Monday, September 9, 2013

Around the Farm

It occurred to me this weekend, as I was trying to bathe a chicken in my kitchen sink (more on that later), that for as much time, *money*, energy and effort as we've put into our animals here at Brooksound Farm (Brooksounds? we haven't decided yet...) the animals get very little mention.

Skip it if you'd like or already know the tales of the tails that we keep around here, but we do, admittedly adore our animals and they are a huge HUGE part of our lives here on Hagey Hill. We've introduced you to most of them before, but let's start again, shall we?

This past March, Derek came home from work on a snowy Friday evening to find me surrounded by hand written notes, and the address for the local feed store.

"Wanna go get some chickens?" I asked, "The internet said..." and on I went. We'd discussed chickens for years, so it wasn't a new idea, but we had said previously, NEXT spring, when we're settled, we'd start. We hadn't even finished unpacking the house yet. (Okay, OKAY we still haven't...).

Bless that man. "Sure," he said. And by 7 o'clock that evening, we had spent $80 on six fluff ball baby chickens and all the supplies necessary for keeping three day old baby birds without a mama alive.

Now? Now we have six egg-laying machines! It's been a bumpy road. Most recently, as mentioned, we've had some injuries that were caused by members of the flock on other feathered friends. Let me tell you, washing and cleaning injuried chicken TUSHIE is not glamorous. Oh no.  And the head chicken hasn't accepted her back into the flock just yet, so she's free-range, and stays pretty near her friends, regardless of the fact that if she goes back in the run, Florence pecks the crap out of Susie.

The girls: (Florence, Kathy, Jackie, Polly and Becky)

The poor little outcast, Susie:

Next up we have the goats, who have taught us much about how farm animals prefer NOT to be fenced in and will escape at any given opportunity. We started with one, and that was a disaster, next thing we knew, we had three. The boy is Linus (I beliveve you've met him) and the twin sisters, Lucy and Sally. They are mostly free-range, as their primary job at this time is to be our lawn mowers, which, seeing as how I haven't had to mow in two months, I'd say they are earning their keep. We might breed/milk the girls in a couple years (they are all only about six months old) but for now, we are just letting them eat and eat and eat...

I have also learned how to effectively treat bloat in a goat, and let me tell you, it is only slightly less disgusting than bathing a chicken in my sink. Blech.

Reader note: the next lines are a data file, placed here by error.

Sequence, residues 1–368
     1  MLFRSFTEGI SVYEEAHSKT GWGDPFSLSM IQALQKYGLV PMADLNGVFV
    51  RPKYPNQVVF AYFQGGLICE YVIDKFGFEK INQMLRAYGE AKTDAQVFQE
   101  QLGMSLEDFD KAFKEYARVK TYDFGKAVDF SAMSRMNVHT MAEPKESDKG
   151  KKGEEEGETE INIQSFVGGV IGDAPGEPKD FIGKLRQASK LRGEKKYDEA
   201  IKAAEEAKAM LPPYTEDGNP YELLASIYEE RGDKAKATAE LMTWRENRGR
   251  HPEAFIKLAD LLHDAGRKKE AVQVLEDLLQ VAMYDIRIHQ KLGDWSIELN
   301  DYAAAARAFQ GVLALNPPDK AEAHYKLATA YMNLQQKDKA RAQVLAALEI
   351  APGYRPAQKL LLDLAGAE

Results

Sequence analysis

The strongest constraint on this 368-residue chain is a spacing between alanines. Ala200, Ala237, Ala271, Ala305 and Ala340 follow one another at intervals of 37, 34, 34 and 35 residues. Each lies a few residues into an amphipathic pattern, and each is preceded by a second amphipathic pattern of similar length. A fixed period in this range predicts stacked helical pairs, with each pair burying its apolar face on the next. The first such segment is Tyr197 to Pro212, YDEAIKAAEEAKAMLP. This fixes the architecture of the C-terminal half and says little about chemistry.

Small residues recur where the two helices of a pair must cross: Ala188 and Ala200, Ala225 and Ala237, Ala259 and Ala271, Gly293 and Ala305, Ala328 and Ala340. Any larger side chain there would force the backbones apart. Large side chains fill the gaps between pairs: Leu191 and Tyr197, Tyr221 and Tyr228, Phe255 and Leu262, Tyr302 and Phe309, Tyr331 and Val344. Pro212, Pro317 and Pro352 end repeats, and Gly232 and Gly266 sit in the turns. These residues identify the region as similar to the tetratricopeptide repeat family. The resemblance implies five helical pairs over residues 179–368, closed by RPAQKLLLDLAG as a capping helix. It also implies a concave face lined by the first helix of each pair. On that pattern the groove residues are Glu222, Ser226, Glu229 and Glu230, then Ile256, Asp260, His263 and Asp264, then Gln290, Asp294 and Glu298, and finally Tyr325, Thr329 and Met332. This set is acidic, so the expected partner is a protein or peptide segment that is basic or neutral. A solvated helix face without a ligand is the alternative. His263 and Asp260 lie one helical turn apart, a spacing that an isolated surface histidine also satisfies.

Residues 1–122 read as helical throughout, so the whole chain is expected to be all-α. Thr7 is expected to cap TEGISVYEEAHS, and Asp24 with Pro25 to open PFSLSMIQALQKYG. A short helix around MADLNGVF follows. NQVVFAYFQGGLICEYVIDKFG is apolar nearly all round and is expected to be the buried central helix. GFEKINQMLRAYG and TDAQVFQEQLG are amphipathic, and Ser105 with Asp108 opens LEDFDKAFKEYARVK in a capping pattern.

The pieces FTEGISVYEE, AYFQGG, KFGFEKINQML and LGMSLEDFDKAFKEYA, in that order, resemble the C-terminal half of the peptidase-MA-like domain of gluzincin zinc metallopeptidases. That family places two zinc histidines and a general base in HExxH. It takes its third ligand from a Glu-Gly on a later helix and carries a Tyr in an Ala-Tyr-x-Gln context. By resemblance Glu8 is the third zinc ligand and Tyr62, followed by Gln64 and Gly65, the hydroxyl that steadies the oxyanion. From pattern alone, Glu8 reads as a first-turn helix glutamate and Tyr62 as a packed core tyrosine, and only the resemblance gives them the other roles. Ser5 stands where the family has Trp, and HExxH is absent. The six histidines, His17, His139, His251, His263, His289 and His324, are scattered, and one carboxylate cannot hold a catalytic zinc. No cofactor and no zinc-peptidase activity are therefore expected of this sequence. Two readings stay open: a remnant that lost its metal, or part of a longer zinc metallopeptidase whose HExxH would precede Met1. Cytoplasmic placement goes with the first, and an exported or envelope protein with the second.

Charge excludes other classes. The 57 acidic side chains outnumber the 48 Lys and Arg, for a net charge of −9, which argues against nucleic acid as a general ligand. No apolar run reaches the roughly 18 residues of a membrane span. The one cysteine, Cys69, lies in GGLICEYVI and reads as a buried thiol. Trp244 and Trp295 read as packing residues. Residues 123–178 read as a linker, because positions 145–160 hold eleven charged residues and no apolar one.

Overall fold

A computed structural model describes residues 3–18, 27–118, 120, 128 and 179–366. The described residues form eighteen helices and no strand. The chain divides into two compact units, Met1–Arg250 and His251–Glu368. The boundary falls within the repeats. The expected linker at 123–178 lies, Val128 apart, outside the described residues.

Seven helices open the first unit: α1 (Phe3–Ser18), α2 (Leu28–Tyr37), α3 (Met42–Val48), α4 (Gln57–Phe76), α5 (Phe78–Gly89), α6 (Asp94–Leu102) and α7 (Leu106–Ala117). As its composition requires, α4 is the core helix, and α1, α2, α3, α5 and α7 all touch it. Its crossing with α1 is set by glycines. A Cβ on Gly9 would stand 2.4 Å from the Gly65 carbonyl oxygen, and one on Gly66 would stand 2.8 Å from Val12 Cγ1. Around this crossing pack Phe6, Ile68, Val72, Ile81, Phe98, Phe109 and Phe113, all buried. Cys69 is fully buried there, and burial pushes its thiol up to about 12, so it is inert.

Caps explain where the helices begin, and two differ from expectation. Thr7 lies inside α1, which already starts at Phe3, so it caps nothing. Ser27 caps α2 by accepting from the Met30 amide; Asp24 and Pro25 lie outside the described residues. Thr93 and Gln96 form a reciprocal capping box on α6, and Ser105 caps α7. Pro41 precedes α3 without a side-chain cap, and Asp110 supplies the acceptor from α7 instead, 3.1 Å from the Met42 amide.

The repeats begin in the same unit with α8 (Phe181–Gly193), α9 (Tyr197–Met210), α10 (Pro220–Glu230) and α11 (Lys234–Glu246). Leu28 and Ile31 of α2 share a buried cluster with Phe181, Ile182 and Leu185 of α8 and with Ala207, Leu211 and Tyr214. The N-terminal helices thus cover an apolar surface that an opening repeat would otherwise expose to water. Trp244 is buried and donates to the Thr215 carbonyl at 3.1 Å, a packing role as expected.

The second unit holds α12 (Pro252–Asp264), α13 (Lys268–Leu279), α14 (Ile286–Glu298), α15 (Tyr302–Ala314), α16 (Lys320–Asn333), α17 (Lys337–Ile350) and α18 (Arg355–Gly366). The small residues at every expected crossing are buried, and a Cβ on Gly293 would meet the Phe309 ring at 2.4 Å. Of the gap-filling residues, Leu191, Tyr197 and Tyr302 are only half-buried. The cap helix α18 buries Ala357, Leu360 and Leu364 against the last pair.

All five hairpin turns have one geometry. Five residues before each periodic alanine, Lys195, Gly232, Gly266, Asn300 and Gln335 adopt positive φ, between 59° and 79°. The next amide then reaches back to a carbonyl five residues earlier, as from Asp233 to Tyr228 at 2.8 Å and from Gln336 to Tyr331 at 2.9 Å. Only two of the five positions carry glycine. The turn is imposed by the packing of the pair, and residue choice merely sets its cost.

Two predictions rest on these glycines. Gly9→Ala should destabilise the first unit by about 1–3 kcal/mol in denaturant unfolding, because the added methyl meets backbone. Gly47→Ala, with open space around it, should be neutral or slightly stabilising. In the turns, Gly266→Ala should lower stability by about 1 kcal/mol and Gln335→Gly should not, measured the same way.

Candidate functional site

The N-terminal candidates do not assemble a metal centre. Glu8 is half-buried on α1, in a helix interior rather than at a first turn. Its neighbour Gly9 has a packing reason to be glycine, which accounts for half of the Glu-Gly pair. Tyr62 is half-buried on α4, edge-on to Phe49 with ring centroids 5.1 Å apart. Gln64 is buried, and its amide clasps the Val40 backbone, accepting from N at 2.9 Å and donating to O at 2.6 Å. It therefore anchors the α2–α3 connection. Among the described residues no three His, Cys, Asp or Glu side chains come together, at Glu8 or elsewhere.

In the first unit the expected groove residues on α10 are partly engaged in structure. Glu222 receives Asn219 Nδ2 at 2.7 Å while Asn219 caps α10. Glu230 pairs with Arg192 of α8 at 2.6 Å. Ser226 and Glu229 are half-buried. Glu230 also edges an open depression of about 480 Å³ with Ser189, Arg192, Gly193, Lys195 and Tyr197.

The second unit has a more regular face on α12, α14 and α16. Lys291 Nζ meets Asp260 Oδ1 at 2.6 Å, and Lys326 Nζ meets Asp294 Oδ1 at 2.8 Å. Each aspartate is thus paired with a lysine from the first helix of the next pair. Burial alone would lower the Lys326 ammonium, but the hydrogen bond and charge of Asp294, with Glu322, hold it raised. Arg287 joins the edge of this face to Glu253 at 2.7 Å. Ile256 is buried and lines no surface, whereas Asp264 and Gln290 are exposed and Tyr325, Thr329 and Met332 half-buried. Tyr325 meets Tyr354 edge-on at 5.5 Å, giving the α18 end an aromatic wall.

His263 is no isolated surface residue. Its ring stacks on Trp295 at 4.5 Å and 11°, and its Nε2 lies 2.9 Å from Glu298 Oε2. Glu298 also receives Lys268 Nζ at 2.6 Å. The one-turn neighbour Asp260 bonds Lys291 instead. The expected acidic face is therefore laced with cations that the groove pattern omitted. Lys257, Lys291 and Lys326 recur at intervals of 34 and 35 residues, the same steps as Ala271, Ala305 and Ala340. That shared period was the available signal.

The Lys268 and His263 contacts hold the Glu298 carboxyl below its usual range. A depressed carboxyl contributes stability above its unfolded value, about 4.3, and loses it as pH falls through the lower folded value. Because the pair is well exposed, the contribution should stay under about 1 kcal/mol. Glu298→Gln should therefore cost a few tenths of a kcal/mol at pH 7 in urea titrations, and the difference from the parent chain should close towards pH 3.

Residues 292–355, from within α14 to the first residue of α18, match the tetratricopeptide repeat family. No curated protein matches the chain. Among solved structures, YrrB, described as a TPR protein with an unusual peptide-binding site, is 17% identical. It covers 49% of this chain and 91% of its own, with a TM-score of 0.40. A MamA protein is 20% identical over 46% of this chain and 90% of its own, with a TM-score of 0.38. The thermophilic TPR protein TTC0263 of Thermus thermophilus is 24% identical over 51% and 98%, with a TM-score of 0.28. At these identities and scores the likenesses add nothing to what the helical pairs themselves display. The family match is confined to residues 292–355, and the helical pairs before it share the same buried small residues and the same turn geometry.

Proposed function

The kittens, Burton Guster (Gus-Gus) and Juliet O'Hara (Jules) are rapidly becoming cats, and are our mousers. Have I mentioned my husband's saint-status? I announced to him in late April (before the goats...) that we were going to need a cat for mousing and if we got one cat, we both knew we'd actually need two. One cat means you get clawed when they feel playful. Two cats mean they claw each other. Enter a good friend, Gail, who knew a girl with some rescue kittens, a quick road trip to Connecticut, and we had two fur babies taking up my bathroom and bedroom. Now, they are big, and free-range ONLY in the house, and thus far, their hunting skills have brought about the demise of exactly ONE creature.

It was a grasshopper. And Jules got tired of eating it halfway through and left it on the floor for me. Sweet.



All of these animals, interestingly enough were born in March. Weird.

And finally: Jonah.

Four years ago, when we adopted Jonah from a rescue, he came with the warning that he couldn't do cats, and he didn't love other dogs either. We thought, "No biggie, we'll never want any other pets, so that's fine!" He was great with the kids, kind, and gentle and NEVER barked.

Then, fast forward to now, and we have been rocking his world with all the additions. We carefully, and slowly introduced him to each new animal, and other than a couple of altercations with Linus the goat (stupid goat) and Jules, who has no patience for him whatsoever, he's done great. He's a fabulous farm dog. He doesn't even flinch (despite him being half hound) as poultry squack past him, Gus, the cat frequently kicks him out of his own bed, Linus can be seen to head-butt him, and add in the neighbors' ducks and we are all shocked with how quickly he learned and now fully understands not to hurt or harm any of the animals.

AND the neighbors TINY dog, Nikki is frequently here visiting, running the hill with him. He has never tried to harm him in any way. We are duely impressed with our overweight grandpa dog, who has earned his title as best farm dog ever.

So, there ya go. That's the rounds here at the homestead. I'm grateful for what we've learned thus far about animal husbandry and care. I know animals often equal heartbreak, and as winter approaches, I worry, especially, about the chickens. Everyone is doing well for now though, so we're happy.

The kids are learning to work, and they are also learning that if you want an animal to trust you, you must treat them with respect. This is especially difficult for the smallest boys who simply want to snuggle the cats to death. We are learning. It's amazing.

1 comment:

Kent said...

Gateway pets, I am still waiting for the dexter cow or mini sheep, so you can milk the cow and spin the wool.


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